Hewitt Anderson's Great Big Life
  • Hewitt Anderson's Great Big Life
  • Hewitt Anderson's Great Big Life
  • Hewitt Anderson's Great Big Life
  • Hewitt Anderson's Great Big Life
  • Hewitt Anderson's Great Big Life
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Hewitt Anderson's Great Big Life

5.0 2
by Jerdine Nolen, Kadir Nelson
     
 

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Young Hewitt Anderson is sweet, smart, polite—and very, very small. This warmly humorous tale is “proof that, when it comes to heart, physical size isn’t the whole story” (Kirkus Reviews).

Descended from a long line of giants, the J. Carver Worthington Andersons take their height very seriously indeed. You see, without

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Overview

Young Hewitt Anderson is sweet, smart, polite—and very, very small. This warmly humorous tale is “proof that, when it comes to heart, physical size isn’t the whole story” (Kirkus Reviews).

Descended from a long line of giants, the J. Carver Worthington Andersons take their height very seriously indeed. You see, without exception all of the many J. Carver Worthington Andersons have been giants until now. And poor Hewitt—hidden in the floorboards, trapped in the flour vat, lost in the bedsheets—has his struggles being tiny. Oh, his parents worry: How will their son manage to live in a world of big things? Leave it to Hewitt to prove the power of being small.

Inspired by the tale of “Jack and the Beanstalk,” the inimitable Jerdine Nolen tells an original story of bravery and the power of the individual. Kadir Nelson’s imaginative and loving illustrations create a world where smallness rules—a world that children will want to return to again and again.

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Editorial Reviews

Publishers Weekly
As far as the J. Carver Worthington Andersons, descendants of giants, were concerned, "big things were best!" But when their son Hewitt is born normal human size, the Andersons learn to shift their perspective, in this feel-good tall tale from the creators of Big Jabe. Mr. and Mrs. Anderson can't quite understand why Hewitt doesn't measure up, size-wise, but "they adored their puny, frail, delicate bundle of joy" and spent long hours worrying about him and helping him to have "a big life with big things in it!" Hewitt loves curling up in the palm of his father's hand and riding on the brim of his mother's bonnet. And best of all, the fellow's size is a bonus in several instances when he is able to save his parents from trouble. Gradually, Mr. and Mrs. Anderson come to understand that "Hewitt was perfect just as he was." Nolan revels in using descriptive and often rollicking turns of phrase to establish her larger-than-life scenes and characters. But as always, she infuses the proceedings with a warmth and lighthearted humor that makes her tale universally appealing. Nelson's depictions of the dark-skinned mountain-like Mr. and Mrs. Anderson and their comparatively tiny boy provide a strong yet fanciful backdrop for the tale. His supersaturated oil paintings feature a playful approach to size, scale and perspective that will instantly hook young readers. Ages 5-8. (Jan.) Copyright 2005 Reed Business Information.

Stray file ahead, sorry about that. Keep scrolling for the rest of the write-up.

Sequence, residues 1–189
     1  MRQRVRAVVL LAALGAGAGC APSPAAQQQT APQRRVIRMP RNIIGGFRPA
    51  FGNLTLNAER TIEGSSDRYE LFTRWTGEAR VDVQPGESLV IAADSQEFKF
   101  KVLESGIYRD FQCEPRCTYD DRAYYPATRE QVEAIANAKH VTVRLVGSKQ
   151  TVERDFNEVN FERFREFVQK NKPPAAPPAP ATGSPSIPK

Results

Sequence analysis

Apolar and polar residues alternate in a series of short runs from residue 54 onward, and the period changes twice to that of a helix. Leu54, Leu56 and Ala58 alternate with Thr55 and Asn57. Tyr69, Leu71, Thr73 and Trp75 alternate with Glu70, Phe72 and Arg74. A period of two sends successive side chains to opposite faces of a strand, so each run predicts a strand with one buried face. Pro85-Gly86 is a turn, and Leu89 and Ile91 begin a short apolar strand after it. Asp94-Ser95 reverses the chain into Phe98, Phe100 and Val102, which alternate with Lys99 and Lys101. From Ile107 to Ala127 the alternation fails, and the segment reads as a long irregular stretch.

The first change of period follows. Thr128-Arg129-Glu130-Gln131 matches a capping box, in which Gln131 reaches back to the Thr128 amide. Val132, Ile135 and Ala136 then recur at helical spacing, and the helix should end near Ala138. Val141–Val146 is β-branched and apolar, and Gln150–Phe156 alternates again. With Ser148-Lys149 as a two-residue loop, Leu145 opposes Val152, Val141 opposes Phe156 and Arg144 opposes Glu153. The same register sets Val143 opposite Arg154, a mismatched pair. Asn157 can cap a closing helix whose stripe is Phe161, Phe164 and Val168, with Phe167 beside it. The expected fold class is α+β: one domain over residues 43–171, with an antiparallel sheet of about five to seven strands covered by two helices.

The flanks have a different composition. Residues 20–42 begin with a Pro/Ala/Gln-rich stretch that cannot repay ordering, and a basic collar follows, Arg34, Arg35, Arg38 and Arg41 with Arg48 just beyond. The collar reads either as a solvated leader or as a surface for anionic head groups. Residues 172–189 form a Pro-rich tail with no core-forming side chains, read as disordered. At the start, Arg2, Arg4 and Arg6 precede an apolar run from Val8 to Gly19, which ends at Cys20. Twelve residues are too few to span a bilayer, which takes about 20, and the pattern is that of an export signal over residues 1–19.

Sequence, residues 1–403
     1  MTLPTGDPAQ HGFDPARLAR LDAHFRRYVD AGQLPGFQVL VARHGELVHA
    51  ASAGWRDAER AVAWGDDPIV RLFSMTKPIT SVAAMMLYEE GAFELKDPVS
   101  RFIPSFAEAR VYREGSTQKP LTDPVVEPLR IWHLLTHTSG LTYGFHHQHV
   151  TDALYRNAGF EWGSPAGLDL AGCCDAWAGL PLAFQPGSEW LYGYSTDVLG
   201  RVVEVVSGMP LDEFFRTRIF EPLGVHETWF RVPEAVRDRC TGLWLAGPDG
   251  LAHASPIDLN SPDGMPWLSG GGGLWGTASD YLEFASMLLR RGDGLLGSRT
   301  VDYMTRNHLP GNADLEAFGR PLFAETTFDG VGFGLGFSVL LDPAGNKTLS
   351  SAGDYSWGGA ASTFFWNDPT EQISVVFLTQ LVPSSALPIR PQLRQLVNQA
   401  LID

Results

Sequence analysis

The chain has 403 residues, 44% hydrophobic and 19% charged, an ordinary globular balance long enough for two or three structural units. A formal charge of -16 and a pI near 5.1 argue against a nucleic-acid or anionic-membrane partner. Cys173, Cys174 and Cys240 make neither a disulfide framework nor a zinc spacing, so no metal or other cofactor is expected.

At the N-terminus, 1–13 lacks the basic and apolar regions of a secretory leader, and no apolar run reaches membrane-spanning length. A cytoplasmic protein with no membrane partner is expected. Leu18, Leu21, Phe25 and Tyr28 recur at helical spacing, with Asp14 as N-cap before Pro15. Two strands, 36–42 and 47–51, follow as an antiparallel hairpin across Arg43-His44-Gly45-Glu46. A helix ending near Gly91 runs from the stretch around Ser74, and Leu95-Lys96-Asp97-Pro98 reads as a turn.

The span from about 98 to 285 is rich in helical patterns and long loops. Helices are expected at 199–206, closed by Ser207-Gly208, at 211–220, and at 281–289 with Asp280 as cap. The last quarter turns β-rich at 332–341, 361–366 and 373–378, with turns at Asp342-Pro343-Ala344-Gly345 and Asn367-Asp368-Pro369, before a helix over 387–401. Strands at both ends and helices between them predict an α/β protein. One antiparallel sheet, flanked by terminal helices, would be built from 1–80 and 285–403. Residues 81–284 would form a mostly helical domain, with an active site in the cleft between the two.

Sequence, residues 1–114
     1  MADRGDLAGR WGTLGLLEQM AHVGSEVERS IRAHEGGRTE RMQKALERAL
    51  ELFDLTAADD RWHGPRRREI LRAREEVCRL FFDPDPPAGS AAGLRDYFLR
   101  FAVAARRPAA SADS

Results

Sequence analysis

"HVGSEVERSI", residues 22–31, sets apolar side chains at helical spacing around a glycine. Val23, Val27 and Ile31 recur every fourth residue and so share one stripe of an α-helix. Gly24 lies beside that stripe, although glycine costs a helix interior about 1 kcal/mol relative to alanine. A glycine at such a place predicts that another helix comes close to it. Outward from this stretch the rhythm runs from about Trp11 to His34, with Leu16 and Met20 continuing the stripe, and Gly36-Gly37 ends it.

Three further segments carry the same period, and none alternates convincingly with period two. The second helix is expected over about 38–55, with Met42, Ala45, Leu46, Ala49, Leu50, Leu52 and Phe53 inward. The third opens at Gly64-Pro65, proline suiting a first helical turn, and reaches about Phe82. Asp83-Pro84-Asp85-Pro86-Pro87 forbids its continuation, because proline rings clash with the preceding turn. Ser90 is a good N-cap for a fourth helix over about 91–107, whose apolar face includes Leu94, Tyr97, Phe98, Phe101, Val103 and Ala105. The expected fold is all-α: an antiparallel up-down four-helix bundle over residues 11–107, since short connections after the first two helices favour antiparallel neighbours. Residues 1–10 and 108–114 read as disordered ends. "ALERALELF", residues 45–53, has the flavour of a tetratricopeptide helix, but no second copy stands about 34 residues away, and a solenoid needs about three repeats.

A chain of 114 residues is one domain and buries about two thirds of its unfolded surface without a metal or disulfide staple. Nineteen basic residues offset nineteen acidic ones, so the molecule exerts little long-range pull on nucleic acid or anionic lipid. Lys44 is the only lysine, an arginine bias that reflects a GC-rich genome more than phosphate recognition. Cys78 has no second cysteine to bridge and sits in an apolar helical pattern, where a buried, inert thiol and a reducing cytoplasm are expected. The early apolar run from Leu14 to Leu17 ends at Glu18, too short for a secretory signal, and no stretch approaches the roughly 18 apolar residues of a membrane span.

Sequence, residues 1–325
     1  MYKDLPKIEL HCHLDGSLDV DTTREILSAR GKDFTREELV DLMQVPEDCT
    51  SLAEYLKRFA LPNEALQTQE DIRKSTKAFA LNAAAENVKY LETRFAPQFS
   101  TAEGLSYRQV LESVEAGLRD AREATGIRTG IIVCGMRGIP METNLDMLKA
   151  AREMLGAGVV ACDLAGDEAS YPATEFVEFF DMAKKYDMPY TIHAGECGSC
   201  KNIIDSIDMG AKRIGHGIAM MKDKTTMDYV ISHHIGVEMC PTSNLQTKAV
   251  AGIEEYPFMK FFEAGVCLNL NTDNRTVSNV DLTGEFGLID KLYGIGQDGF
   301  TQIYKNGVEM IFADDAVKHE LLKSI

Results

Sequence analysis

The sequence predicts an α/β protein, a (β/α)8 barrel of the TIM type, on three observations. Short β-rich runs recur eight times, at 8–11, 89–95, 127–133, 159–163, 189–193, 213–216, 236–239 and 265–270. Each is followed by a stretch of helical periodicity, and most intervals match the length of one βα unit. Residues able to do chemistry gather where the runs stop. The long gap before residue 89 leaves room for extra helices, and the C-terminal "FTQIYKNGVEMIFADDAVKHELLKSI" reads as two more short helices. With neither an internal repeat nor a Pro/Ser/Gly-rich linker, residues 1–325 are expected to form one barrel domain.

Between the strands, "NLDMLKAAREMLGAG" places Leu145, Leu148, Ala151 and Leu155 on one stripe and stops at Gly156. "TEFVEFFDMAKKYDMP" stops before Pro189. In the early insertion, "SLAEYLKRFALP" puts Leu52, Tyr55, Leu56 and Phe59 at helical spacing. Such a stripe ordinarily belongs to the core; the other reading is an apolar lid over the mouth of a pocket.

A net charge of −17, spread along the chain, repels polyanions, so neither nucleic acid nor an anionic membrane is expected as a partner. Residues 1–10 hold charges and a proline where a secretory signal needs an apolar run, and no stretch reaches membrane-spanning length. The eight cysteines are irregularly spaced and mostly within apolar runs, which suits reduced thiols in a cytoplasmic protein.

School Library Journal
K-Gr 3-Hewitt Anderson is a normal-sized boy born into a family of giants who firmly believe that bigger is better. At the age of seven, their son is so tiny that his anxious parents consult doctors and specialists from all over the world. When none of them can explain "the circumstances surrounding Hewitt's small and unimposing stature," the loving parents formulate some lessons in survival for the boy. However, it is the little guy himself who ends up helping them survive the lessons. They are constantly amazed at Hewitt's resourcefulness and talents and finally realize that rather than worrying so much about his size, they should recognize that he is perfect just the way he is-something that the youngster already knows. Nelson's funny, larger-than-life oil paintings warmly depict this African-American family and give readers a real sense of gigantic proportions. They are visions of contrasts in size. On one page Hewitt stands on the mantle looking at family photographs. He is half the size of the smallest frame. In other pictures, he is curled up fast asleep in the center of his father's hand, or riding on the brim of his mother's bonnet. Told in colorful language that begs to be read aloud, this humorous, oversize book offers a gentle look at accepting others as they are.-Mary N. Oluonye, Shaker Heights Public Library, OH Copyright 2005 Reed Business Information.
Kirkus Reviews
Low on suspense but high on sheer feel-goodness, this Tom Thumb-like original tale will elicit sighs of content from readers and listeners needing a change of pace. Born to adoring, humongous parents, tiny Hewitt sometimes does get lost in his immense bed, or have to dive between the floorboards to avoid a passing broom. Still, not only do the good times far outnumber the chancy ones, but his size comes in downright handy when, for instance, his father carries him up a towering beanstalk, then turns out to be afraid of heights, or his parents lock themselves in the treasure house. Nelson's burly, monumental, brown-skinned giants positively glow with beneficence, and Nolen writes, as always, with a distinctive mix of humor and formality: Listening to his parents sing "made Hewitt's liver quiver and tickled his funny bone right down to his shoes." Here's proof that, when it comes to heart, physical size isn't the whole story. (Picture book. 6-8)

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Product Details

ISBN-13:
9780689868665
Publisher:
Simon & Schuster/Paula Wiseman Books
Publication date:
01/06/2005
Pages:
40
Sales rank:
652,898
Product dimensions:
9.28(w) x 11.38(h) x 0.39(d)
Age Range:
5 - 8 Years

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